Review by Nicholas A. Veronico.
For more than sixty years, the human drama of a B-24 bomber and its crew that played out in the Libyan desert in 1943 has captivated people the world over. The 1958 discovery of an abandoned World War II B-24 Liberator, sitting on a desert plain more than 400 miles from its home air base, made headlines when it was discovered. The headlines continued as officials sought the crew, read their diaries of the Herculean effort to walk out of vast Libyan desert, and learned of their fate.
The first men to view the abandoned bomber said it looked as if the crew had just walked away – there was drinkable coffee in a thermos, the navigator’s logs were there, and all the equipment worked, including the guns. However, there was no trace of the crew inside the bomber or in the surrounding area.
The Lady Be Good was part of the 514th Bomb Squadron, 376th Bomb Group, based at Soluch, near Benghazi, Libya. On 4 April 1943, Lieutenant Robert Hatton and crew were slated to fly their first combat mission. Three B-17 groups based in Algeria had attacked the harbor at Naples, Italy, around midday, and 25 Liberators from the 376th BG were set to attack around sunset. Wearing the number ‘64’ in white on its nose, the Lady Be Good departed Soluch at around 1:30 pm, in a wind-whipped sand flurry. The B-24 was the 21st bomber of the group to take to the sky that afternoon; the first twelve formed Section A with the following thirteen in Section B.
Flying north, Liberators began to drop out of the formation and return to base for various mechanical problems until Hatton and the Lady Be Good were leading the four remaining aircraft in their section. Arriving over the target after twilight, it appeared too dark to hit the target. Hatton and the remaining bombers aborted the bomb run and turned south for the trip back to Soluch. While the other three Liberators in Section B arrived at base safely, Hatton, his crew, and the Lady Be Good were never heard from again.
On 17 April 1958, more than fifteen years since the Lady Be Good’s mission to Naples, a crew from D’Arcy Exploration Co, and the British Petroleum Co, were flying over the desert some 385 miles south of Tobruk. The featureless plain was broken up by the sight of a crashed aircraft on the desert floor. This sighting set in motion a visit to the bomber and the subsequent search for its crew.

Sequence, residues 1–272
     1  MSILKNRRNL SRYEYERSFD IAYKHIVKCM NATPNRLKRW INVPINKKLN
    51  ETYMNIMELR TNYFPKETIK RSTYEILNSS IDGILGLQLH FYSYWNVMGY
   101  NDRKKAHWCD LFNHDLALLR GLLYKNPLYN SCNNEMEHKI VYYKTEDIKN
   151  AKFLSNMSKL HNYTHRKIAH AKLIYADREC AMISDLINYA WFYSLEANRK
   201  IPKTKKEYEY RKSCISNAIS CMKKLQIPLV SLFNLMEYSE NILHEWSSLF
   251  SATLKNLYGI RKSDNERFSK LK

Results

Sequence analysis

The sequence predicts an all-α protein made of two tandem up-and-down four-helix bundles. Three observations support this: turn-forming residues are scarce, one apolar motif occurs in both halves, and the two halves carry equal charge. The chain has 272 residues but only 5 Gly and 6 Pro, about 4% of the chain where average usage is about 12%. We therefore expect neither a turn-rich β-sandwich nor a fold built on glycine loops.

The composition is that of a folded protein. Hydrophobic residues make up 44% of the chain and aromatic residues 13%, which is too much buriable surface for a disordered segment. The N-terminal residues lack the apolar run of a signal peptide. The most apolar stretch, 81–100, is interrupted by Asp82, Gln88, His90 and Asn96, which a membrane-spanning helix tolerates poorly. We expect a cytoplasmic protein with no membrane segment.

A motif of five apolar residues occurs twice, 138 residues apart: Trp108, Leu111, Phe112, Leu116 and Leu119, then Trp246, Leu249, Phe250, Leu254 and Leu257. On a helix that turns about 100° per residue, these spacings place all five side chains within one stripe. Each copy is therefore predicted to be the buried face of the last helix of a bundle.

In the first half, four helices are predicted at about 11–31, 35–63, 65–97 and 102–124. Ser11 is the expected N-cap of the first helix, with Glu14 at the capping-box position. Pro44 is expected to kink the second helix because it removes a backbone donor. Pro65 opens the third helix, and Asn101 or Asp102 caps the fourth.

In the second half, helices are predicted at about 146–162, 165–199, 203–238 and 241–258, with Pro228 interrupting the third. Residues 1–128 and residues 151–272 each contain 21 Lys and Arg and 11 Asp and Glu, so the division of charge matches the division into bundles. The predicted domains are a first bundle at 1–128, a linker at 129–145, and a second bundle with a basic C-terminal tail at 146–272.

Like many around the world, Steven R. Whitby was captivated by the Lady Be Good’s story, which appeared in the 7 March 1960 issue of Life magazine. Later in life, Whitby has spent the past thirty years interviewing people who were involved in the Lady Be Good’s story. The culmination of this multi-decade effort was published in October 2020.
There have been a couple of previous Lady Be Good books. The first was Dennis E. McClenden’s The Lady Be Good: Mystery Bomber of World War II. Written in 1962, and updated in 1982, McClenden’s work was the standard that all other works on the subject would be judged by. In 1995, Mario Martinez published Lady’s Men: The Story of World War II’s Mystery Bomber and Crew. Like the finite number of photos taken during the Japanese attack on Pearl Harbor, the same holds true for the discovery and a few of the early return trips to the Lady Be Good. McClendon’s book had a few photos and Martinez’s effort had pretty much the same; however, the quality of the photo reproduction in this latter work was very poor.
It was not until 1993, when John M. Campbell’s Consolidated B-24 Liberator was put into print that additional images of the bomber and the crew’s bodies were seen. The thirteen photos in Campbell’s book were uncredited, but appear to have come from the US Army Quartermaster Corps’ archives and one of the British Petroleum engineers who discovered the abandoned bomber. The best part of Campbell’s Lady Be Good section was that the images were in colour and crisp and sharp. These images caught the attention of Lady Be Good ‘enthusiasts’ the world-over. However, since Campbell’s book, it has been quiet on the Lady Be Good front – until now.
In No Way Out, Whitby tells an exacting narrative about the Lady Be Good and her crew and, having interviewed many of the participants in the discovery and subsequent search efforts, takes the story further. Whitby’s depth of research also extends to how the mysteries surrounding the parts removed from the bomber contributed to the ‘Lady Be Good Curse’.
What is truly impressive about Whitby’s effort are the photos. There are dozens of never-before-seen images along with colour shots of the bomber, its interior, and its components sprayed across the desert from the crash. When interviewing the participants, Whitby rescanned/copied as many photos as he could, acquiring first-generation images for use in the book. Yes, some of these photos have been seen before, but they are usually washed-out and overexposed. Not the case in No Way Out. The level of detail in the images is amazing. There are some photos of substandard quality, but they are an artifact of the original photographer and were, most likely, included because of the rarity of the subject matter.
Whitby’s narrative and high-quality photos have been coupled with an interesting book design. Each chapter has the text up-front, not wrapped around the images as is standard in book design. What this does is give a few grey pages, followed by large, page-filling photos. This brings out so much detail in these photos and is a real benefit for those interested in the Lady Be Good.
No Way Out is an outstanding addition to the knowledge surrounding the tragedy of Lieutenant Hatton and his crew and the bomber that has captivated so many aviation enthusiasts the world over.